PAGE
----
Any young person trying to start a business needs to take risks and not be scared of failure. Just like the baby walking, and just like the spider spinning it’s web, people starting out in business will have to Try and Try Again.

4 comments on “Try, Try Again

  1. I totally agree with you, I remembered very well that situation when I had visited Reading in 2011 with auspices of B.C , I was waiting the bus for 10 minutes though that I keep watching the worker carrying just four brick every time and returned backed to carry another group , I’m sure he was able to do more each turn but he organize that to keep running , that the sole of heritage nation .

  2. I totally agree with you Mr Millet. But unfortunately it may not fully work in third world countries where corruption,favourism, social hierarchies and tribalism overwhelm creativity,skill and initiatives.

  3. Dear Peter, thanks a lot for drawing attention to one of these “BIG TOLDERS ” again- the immortal Poet Burn. But much more notable to me are your lines about Robert the Bruce.Esp. his phrase .”…if at 1st. you don ‘t succeed try, try again.Although written in the – I guess- 14 th century it ‘s timeless for me. Within this context : What a great chapter to read about this “Spider-Story !” And today ? Today it doesn ‘t matter if you ‘re a manager, politican or worker.
    We all do fail in our lives. This isn ‘t really a shame. It ‘s only a shame if you don ‘t satnd up again and work.Swabians would call it in a similar way : ” Keine Schande hinzufallen-aber eine grosse nicht wieder gehen zu lernen…”. To conclude : You could also easily transfer “TRY AGAIN” in re. of these endless peace negotiations between Israel and Jordan or Palestine. For- if the last round failed keep cool and peaceful and start a next table-round again. Try it again. It ‘s anyway better as fighting.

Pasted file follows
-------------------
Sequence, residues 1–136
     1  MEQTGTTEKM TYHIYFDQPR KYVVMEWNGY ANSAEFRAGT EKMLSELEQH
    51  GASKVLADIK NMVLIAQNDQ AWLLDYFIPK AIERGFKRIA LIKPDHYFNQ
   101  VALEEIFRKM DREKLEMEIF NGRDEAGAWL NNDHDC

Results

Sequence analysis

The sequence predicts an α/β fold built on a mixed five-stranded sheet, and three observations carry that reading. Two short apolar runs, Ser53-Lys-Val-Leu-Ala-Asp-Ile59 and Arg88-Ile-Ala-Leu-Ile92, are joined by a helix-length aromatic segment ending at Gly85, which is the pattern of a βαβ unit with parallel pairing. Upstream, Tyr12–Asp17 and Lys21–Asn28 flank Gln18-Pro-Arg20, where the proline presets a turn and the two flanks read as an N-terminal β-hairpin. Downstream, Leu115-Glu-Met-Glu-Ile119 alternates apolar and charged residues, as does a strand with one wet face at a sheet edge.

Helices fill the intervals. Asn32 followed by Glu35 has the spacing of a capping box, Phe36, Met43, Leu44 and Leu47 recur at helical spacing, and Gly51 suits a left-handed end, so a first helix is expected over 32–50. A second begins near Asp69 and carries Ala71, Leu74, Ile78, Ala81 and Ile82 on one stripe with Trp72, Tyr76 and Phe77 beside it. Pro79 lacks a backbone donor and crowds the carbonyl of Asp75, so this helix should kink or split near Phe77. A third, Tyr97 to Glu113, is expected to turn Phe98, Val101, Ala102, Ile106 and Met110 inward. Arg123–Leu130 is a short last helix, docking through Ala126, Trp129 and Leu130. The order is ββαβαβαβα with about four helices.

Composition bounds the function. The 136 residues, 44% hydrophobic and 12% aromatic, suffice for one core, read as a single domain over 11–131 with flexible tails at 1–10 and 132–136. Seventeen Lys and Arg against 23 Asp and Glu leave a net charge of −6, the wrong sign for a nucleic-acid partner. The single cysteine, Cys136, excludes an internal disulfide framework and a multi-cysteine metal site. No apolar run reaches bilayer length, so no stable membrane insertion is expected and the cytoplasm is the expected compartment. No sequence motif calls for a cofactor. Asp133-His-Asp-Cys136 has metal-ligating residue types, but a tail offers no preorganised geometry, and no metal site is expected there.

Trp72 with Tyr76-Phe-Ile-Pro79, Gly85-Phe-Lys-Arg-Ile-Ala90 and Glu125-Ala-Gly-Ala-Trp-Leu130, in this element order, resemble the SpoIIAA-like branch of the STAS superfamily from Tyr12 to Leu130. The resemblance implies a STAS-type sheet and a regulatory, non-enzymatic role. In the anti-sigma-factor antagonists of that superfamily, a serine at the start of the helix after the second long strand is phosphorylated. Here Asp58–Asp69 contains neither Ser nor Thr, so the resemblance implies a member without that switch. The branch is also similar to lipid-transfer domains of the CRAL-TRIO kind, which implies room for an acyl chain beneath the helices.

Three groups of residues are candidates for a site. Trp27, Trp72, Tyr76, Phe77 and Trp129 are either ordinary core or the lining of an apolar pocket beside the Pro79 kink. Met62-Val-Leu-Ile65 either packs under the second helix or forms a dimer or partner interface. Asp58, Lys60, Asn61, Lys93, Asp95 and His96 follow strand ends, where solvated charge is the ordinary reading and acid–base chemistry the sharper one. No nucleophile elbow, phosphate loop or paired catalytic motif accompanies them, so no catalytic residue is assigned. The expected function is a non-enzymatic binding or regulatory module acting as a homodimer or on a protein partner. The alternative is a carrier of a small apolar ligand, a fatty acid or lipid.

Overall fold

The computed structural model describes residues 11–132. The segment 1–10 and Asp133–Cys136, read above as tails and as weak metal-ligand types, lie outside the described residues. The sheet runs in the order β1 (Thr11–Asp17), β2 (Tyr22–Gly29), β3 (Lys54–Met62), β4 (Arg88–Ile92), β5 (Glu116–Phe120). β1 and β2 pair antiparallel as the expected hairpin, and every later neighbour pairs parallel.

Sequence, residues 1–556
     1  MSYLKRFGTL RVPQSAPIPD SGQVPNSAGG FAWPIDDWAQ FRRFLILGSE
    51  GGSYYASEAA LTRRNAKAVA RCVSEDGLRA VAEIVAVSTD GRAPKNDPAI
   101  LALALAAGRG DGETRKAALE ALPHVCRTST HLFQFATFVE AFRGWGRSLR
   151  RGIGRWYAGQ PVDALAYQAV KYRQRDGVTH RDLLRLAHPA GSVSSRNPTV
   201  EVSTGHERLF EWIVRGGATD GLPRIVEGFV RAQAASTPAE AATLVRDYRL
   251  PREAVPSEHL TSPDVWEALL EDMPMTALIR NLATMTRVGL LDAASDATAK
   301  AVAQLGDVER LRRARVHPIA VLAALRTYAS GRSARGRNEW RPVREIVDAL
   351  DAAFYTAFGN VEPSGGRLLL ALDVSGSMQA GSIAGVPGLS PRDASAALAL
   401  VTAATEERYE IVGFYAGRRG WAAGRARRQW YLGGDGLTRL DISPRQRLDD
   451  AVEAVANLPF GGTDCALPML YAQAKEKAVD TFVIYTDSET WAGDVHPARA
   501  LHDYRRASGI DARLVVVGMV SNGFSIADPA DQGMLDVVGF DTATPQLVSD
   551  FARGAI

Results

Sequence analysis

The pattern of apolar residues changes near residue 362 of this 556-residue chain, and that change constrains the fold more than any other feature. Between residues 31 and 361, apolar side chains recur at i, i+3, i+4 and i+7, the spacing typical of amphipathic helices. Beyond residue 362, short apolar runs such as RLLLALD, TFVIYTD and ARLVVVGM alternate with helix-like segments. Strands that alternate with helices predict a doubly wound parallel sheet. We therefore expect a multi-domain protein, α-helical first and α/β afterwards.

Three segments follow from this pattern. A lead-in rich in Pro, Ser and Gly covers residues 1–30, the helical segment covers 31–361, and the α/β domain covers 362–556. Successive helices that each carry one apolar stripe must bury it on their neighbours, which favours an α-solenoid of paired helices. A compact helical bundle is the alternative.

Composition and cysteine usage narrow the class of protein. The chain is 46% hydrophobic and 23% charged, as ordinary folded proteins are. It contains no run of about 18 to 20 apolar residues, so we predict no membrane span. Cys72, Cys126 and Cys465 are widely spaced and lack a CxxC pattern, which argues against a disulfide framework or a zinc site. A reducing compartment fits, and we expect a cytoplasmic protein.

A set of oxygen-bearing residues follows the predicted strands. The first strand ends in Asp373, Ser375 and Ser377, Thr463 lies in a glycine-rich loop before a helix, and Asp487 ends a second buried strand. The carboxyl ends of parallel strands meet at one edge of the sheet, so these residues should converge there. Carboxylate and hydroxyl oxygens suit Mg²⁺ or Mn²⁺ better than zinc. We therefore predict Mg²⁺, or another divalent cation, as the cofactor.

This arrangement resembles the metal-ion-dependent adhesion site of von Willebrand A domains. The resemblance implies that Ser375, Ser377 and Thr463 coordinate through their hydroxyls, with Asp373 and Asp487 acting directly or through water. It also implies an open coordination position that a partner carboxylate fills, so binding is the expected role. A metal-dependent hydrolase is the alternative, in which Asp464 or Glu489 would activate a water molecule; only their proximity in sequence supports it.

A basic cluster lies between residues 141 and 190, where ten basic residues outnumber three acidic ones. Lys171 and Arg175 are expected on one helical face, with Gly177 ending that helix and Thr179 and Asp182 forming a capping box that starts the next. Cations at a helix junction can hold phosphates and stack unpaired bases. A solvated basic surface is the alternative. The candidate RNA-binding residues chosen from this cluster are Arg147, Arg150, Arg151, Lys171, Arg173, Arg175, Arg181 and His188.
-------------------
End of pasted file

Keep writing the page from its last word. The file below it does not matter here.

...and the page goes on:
Bw, Ingo-Steven Wais, Stuttgart

Comments are closed.

About Peter Millett

Peter arrived in Tunis on 23 June 2015 to take up his post as Ambassador to Libya. Previously he was British Ambassador to Jordan from February 2011 to June 2015. He was High Commissioner to…

Peter arrived in Tunis on 23 June 2015 to take up his post as
Ambassador to Libya.
Previously he was British Ambassador to Jordan from February 2011 to June 2015.
He was High Commissioner to Cyprus from 2005 – 2010.
He was Director of Security in the Foreign and Commonwealth Office
from 2002-2005, dealing with all aspects of security for British
diplomatic missions overseas.
From 1997-2001 he served as Deputy Head of Mission in Athens.
From 1993-96 Mr Millett was Head of Personnel Policy in the FCO.
From 1989-93 he held the post of First Secretary (Energy) in the UK
Representative Office to the European Union in Brussels, representing
the UK on all energy and nuclear issues.
From 1981-1985 he served as Second Secretary (Political) in Doha.
Peter was born in 1955 in London.  He is married to June Millett and
has three daughters, born in 1984, 1987 and 1991.  
His interests include his family, tennis and travel.